Twisty

So. Right. Adoption stuff.

Nora wrote back—I was right. Ruth is mostly bowing out. If I wish to send things to Cricket, I am to send them to Nora’s address; if I want to talk to them, I am to talk to Nora. Nora has committed to Skyping with me and the boys every six weeks (and did so on Kit’s birthday); she says that all three of them will come visit on September 7–8.

I am also pulling back somewhat until after the visit. Maybe it won’t look like it; Skype every six weeks is more contact than we’ve ever had. And I’m going to keep that up. But I’m not talking to them unless they talk to me, and I’m not writing to Cricket. After the visit, we’ll see.

Right now, I’m knitting the boys sweaters for this winter. I must look like a lunatic, knitting sweaters in a Southern California June, but here I am, cabling and ribbing and clicking away with my needles. And I don’t know whether I’m knitting two sweaters or three. Well, okay, I do start with a sweater that would fit a boy who’ll be five this winter, but I carefully don’t think about it as being for any person in particular—the last time I tried to knit for Cricket, I made mistake after mistake. And anyway, I don’t know whether I want to make him a sweater; for all I know, the sweater I made last year ended up in the back of a closet or in a donation box, and if that is to be the fate of all sweaters, I’m not participating. But I do knit this sweater, rather a handsome one, in a dark blue and green colorway. When I’ve sewn up the armpits and added a toggle, I make my final decision. Because I guess it was always his sweater, even while I was telling myself that it could fit any number of kids, and I have to try. At least one more time.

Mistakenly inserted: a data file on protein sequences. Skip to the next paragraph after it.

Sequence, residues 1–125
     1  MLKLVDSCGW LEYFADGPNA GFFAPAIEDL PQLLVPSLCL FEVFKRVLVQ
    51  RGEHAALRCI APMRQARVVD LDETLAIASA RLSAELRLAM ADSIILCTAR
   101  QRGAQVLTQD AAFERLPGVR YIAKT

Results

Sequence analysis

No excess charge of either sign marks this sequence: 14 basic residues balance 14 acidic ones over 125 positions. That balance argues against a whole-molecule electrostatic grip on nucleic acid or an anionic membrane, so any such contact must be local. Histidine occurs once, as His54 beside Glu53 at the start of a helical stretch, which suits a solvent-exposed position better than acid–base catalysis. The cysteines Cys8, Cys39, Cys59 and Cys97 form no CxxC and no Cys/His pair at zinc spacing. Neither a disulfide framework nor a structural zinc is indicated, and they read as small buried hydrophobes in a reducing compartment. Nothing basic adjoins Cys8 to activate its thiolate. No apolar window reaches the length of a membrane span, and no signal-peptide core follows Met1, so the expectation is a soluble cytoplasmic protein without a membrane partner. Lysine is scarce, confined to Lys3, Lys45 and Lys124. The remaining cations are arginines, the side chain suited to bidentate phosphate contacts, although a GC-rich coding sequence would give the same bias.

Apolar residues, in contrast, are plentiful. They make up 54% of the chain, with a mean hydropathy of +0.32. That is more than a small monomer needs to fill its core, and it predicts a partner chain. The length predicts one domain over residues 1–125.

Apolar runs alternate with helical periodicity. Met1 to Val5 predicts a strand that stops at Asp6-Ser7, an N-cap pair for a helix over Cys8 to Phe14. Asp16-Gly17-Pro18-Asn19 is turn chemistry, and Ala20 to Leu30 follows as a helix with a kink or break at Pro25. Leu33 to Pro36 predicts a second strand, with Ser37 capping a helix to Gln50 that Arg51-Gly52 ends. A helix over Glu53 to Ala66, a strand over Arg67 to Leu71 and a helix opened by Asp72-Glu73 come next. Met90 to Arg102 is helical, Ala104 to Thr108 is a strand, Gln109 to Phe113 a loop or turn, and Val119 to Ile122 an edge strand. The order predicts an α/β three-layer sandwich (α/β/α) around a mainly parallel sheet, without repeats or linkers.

Come and Gone

Sorry I’ve been dark-ish; Mr. Book came to visit, and I was trying to spend all my time with him, and then he left and I was sad about it and didn’t feel like writing. But I have returned! I’m going to start out just talking about that visit and Kit’s birthday, though, because those are my favorite things.

Mr. Book was here Friday morning (June 7) and left Tuesday morning (the 11th); he arrived in the middle of Joey’s behavioral therapy, which abruptly took a break for Joey to say “Dada! Dada!” and run around the room, laughing and jumping for joy. The Mister and I got to go out by ourselves on two of those nights, and of course we threw Kit a birthday party on Sunday. The party was nice: bubble machine, pool, ice cream cake. Kit wasn’t feeling his best—he’s been teething, and going through a phase where he’s doing a lot of shrieking with rage and not a lot of sleeping—but overall it was a pretty nice time.